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Tommaso DorigoRSS Feed of this column.

Tommaso Dorigo is an experimental particle physicist, who works for the INFN at the University of Padova, and collaborates with the CMS and the SWGO experiments. He is the president of the Read More »

2008 was a horrible year for the Large Hadron Collider. Just nine days after an extremely successful, highly publicized start-up on September 10th, when hundreds of reporters gathered at CERN to follow the protons as they ventured sector by sector to manage a full turn of the 27 km ring, a stupidly crafted electrical connection failed in sector 3-4 of the machine. This brought above criticality a superconducting solenoid, vaporized six tons of liquid helium, and damaged 53 expensive magnets in the sector with a powerful blast.
These are hard times for evil guys like me, who are always willing to speculate wildly on particle physics results -only to secretly chuckle at the ripples their extrapolations make, knowing for a fact that the Standard Model is as solid as it has ever been.

Suggestive new results which offer themselves as the first hint of a breakdown of the Standard Model are indeed quite rare nowadays. In a famous post which originated a $1000 bet (taken up in part by Prof. Gordon Watts and in part by Prof. Jacques Distler), no less than 32 months ago I was writing in my old blog:
A comment in the thread under my recent post on the greedy bump bias stimulates me to provide here idiot-proof instructions on how to study the effect by yourself, if you wish to spend your time this way. In fact, if I provide you with a simple piece of code plus some fairly immediate instructions on how to set up ROOT in your own PC, I bet you can be up and checking biases in five minutes. Want to try ? Let's see.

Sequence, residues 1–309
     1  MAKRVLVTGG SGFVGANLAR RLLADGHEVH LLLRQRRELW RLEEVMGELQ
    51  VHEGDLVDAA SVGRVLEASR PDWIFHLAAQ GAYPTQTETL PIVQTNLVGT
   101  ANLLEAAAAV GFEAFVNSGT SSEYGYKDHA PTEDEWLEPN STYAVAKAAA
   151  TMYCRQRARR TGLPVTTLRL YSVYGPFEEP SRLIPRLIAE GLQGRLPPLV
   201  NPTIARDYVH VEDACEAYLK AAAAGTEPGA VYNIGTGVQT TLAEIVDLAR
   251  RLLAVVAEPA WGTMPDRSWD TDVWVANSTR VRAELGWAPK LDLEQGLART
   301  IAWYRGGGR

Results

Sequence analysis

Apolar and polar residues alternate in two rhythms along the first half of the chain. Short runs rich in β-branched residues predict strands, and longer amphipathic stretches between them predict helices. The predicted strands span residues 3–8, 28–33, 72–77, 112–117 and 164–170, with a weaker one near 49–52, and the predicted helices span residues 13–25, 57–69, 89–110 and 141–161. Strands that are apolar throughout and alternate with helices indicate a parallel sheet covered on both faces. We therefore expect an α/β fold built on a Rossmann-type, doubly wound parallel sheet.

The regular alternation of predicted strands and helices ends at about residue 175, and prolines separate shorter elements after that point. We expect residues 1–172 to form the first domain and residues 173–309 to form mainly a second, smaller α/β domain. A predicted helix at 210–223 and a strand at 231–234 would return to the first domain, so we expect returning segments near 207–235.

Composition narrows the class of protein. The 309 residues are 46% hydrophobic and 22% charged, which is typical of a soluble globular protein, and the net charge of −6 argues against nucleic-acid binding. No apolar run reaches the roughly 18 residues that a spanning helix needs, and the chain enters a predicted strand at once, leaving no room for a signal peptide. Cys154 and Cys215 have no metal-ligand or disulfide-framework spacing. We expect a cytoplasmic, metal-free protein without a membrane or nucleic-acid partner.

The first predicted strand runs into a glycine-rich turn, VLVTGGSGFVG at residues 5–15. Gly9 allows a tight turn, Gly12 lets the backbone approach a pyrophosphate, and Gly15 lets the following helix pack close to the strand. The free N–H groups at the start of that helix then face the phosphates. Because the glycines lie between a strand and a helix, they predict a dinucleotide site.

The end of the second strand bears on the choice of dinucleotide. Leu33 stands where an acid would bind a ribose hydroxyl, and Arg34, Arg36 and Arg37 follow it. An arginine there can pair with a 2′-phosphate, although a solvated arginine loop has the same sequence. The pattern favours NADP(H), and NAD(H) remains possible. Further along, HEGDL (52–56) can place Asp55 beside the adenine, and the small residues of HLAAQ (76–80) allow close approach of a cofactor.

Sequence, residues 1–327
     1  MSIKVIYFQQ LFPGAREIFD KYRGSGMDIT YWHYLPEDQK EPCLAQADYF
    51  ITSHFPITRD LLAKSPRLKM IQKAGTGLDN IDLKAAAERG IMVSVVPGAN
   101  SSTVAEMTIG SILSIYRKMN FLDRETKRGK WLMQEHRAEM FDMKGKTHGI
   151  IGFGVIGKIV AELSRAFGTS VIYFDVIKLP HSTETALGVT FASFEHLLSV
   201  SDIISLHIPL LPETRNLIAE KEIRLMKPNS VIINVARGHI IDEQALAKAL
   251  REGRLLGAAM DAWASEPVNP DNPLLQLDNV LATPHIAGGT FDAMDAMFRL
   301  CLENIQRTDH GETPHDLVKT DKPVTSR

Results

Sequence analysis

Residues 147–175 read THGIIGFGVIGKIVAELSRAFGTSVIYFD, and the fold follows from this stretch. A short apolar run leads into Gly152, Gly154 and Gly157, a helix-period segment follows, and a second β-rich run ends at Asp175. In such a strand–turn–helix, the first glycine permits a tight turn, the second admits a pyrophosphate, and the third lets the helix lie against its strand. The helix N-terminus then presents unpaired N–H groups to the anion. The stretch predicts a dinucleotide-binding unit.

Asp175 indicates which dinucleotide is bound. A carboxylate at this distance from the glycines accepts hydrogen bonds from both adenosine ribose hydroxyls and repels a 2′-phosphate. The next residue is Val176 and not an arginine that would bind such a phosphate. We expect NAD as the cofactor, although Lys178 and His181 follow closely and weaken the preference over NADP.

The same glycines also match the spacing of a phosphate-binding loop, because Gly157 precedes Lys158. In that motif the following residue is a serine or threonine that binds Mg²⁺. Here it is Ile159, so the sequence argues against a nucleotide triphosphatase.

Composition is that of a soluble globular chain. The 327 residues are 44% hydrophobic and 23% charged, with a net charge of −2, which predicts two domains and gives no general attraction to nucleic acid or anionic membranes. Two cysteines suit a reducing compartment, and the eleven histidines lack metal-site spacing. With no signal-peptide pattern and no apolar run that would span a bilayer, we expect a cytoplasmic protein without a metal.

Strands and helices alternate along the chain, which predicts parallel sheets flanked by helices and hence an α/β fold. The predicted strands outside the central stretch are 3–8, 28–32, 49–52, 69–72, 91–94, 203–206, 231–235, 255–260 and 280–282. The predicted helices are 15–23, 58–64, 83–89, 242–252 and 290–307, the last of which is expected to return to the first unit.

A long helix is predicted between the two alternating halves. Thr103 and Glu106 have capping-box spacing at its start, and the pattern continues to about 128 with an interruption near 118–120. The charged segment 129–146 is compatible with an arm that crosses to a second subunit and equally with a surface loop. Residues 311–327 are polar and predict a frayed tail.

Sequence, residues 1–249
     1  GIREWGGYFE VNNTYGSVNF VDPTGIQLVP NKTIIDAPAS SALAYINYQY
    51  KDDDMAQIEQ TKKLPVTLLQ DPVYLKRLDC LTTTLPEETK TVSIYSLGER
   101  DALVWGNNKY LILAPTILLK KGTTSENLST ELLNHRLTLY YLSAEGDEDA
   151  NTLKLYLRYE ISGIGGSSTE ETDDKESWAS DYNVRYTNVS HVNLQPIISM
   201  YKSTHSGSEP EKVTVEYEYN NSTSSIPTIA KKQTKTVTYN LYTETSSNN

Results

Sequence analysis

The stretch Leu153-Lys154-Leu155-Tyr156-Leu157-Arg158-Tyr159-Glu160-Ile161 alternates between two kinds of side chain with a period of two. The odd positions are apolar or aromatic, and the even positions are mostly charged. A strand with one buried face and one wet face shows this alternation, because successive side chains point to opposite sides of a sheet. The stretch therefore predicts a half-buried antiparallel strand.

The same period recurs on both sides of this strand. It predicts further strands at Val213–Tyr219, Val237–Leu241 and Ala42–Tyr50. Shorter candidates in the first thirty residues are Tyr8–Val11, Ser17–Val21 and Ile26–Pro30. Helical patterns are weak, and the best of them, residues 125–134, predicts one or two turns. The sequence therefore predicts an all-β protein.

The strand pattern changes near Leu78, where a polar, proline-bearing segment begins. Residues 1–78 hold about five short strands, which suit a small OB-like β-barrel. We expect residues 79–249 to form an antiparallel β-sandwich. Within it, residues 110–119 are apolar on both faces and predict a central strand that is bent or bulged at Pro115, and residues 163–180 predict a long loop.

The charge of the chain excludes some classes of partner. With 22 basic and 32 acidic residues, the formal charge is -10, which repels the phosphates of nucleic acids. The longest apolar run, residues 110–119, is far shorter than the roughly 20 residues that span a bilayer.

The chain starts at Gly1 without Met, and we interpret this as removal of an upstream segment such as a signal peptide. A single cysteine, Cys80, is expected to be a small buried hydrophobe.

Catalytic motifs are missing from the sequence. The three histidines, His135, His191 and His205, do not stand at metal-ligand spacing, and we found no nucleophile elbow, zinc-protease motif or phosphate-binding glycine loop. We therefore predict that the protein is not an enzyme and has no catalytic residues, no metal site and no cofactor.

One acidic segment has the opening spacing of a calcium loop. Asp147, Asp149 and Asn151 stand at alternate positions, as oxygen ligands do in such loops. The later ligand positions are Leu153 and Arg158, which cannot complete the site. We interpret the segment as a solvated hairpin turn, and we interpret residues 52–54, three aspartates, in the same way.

1. Go to the ROOT home page.
Here is the concluding part (for the first part see here) of a discussion of a few subtleties involved in the extraction of small new particle signals hiding within large backgrounds. This is a quite common problem arising in data analysis at particle physics experiments, but it is not restricted to that field. Quite on the contrary: narrow Gaussian signals are commonplace in many experimental sciences, and their identification and measurement is thus an issue of common interest.
Rita Levi-Montalcini, Nobel Prize for Medicine in 1986, turns 100 years old today: she was born on April 22nd, 1909 -before World War I had begun!

"Ok," you might say, "she's probably bedridden and demented by now."  Not in the least. She is in full possession of all her wits, is a very active Senator, and has declared a few days ago that her brain works better now than it did when she was 20, because of her experience. I bet she is not kidding.
If you have recently given a close enough look at the search results that the CDF and DZERO experiments have been producing at a regular pace on the Higgs boson - every six months, that is: for summer and winter conferences - and your exposure to particle physics results is not broad enough, you might have gotten a biased perception of how searches for new particles are performed nowadays.